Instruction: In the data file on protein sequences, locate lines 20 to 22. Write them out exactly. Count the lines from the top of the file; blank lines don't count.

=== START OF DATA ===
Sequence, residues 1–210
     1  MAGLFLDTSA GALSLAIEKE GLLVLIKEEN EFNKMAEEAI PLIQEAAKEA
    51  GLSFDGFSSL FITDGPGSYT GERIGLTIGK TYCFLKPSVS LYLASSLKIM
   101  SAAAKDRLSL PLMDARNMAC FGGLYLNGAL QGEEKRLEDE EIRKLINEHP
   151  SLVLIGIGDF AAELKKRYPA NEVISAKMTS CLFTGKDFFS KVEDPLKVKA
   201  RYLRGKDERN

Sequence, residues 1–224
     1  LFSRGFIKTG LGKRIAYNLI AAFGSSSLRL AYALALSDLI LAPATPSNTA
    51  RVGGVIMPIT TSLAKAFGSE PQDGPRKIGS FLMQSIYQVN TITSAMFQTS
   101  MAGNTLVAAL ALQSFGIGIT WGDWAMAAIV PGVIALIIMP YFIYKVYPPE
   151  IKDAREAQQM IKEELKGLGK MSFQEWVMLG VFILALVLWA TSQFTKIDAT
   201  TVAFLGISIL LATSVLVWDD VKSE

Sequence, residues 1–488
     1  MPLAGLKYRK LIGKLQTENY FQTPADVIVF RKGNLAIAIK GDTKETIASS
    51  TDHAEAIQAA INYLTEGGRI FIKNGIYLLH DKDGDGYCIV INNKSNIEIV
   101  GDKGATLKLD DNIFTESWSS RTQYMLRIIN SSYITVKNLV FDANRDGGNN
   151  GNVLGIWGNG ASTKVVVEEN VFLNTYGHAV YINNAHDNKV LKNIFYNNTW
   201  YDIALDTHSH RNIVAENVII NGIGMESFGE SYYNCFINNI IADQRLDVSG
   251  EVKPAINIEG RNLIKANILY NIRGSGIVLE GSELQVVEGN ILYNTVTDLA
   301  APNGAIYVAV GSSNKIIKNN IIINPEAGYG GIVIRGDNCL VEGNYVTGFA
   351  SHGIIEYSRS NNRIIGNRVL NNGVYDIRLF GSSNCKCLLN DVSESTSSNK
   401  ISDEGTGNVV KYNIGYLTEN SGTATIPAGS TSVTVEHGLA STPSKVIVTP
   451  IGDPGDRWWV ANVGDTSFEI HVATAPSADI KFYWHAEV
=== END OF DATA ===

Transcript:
   301  APNGAIYVAV GSSNKIIKNN IIINPEAGYG GIVIRGDNCL VEGNYVTGFA
   351  SHGIIEYSRS NNRIIGNRVL NNGVYDIRLF GSSNCKCLLN DVSESTSSNK
   401  ISDEGTGNVV KYNIGYLTEN SGTATIPAGS TSVTVEHGLA STPSKVIVTP